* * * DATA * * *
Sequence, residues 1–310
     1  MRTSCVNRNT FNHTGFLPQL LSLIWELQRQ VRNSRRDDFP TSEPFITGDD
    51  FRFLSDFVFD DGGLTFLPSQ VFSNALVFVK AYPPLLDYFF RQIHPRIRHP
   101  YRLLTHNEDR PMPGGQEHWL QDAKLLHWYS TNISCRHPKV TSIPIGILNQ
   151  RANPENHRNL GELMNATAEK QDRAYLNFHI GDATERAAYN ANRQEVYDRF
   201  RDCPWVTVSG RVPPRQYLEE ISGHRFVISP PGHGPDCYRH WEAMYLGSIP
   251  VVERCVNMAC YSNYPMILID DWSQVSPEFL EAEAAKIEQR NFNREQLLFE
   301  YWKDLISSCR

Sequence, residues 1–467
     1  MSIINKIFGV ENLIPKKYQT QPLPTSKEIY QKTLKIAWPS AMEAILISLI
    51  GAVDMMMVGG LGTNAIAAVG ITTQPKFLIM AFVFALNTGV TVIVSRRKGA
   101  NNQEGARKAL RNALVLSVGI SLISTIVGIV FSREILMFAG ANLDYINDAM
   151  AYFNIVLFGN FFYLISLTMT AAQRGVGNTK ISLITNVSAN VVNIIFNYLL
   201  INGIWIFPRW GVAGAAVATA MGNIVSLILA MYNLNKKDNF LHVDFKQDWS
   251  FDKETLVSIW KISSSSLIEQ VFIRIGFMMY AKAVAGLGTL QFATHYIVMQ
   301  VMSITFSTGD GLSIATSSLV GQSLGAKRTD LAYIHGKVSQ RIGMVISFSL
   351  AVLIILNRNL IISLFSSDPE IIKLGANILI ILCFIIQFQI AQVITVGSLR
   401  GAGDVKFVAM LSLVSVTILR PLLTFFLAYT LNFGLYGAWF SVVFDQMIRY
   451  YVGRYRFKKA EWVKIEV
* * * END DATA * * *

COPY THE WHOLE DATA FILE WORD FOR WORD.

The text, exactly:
Sequence, residues 1–310
     1  MRTSCVNRNT FNHTGFLPQL LSLIWELQRQ VRNSRRDDFP TSEPFITGDD
    51  FRFLSDFVFD DGGLTFLPSQ VFSNALVFVK AYPPLLDYFF RQIHPRIRHP
   101  YRLLTHNEDR PMPGGQEHWL QDAKLLHWYS TNISCRHPKV TSIPIGILNQ
   151  RANPENHRNL GELMNATAEK QDRAYLNFHI GDATERAAYN ANRQEVYDRF
   201  RDCPWVTVSG RVPPRQYLEE ISGHRFVISP PGHGPDCYRH WEAMYLGSIP
   251  VVERCVNMAC YSNYPMILID DWSQVSPEFL EAEAAKIEQR NFNREQLLFE
   301  YWKDLISSCR

Sequence, residues 1–467
     1  MSIINKIFGV ENLIPKKYQT QPLPTSKEIY QKTLKIAWPS AMEAILISLI
    51  GAVDMMMVGG LGTNAIAAVG ITTQPKFLIM AFVFALNTGV TVIVSRRKGA
   101  NNQEGARKAL RNALVLSVGI SLISTIVGIV FSREILMFAG ANLDYINDAM
   151  AYFNIVLFGN FFYLISLTMT AAQRGVGNTK ISLITNVSAN VVNIIFNYLL
   201  INGIWIFPRW GVAGAAVATA MGNIVSLILA MYNLNKKDNF LHVDFKQDWS
   251  FDKETLVSIW KISSSSLIEQ VFIRIGFMMY AKAVAGLGTL QFATHYIVMQ
   301  VMSITFSTGD GLSIATSSLV GQSLGAKRTD LAYIHGKVSQ RIGMVISFSL
   351  AVLIILNRNL IISLFSSDPE IIKLGANILI ILCFIIQFQI AQVITVGSLR
   401  GAGDVKFVAM LSLVSVTILR PLLTFFLAYT LNFGLYGAWF SVVFDQMIRY
   451  YVGRYRFKKA EWVKIEV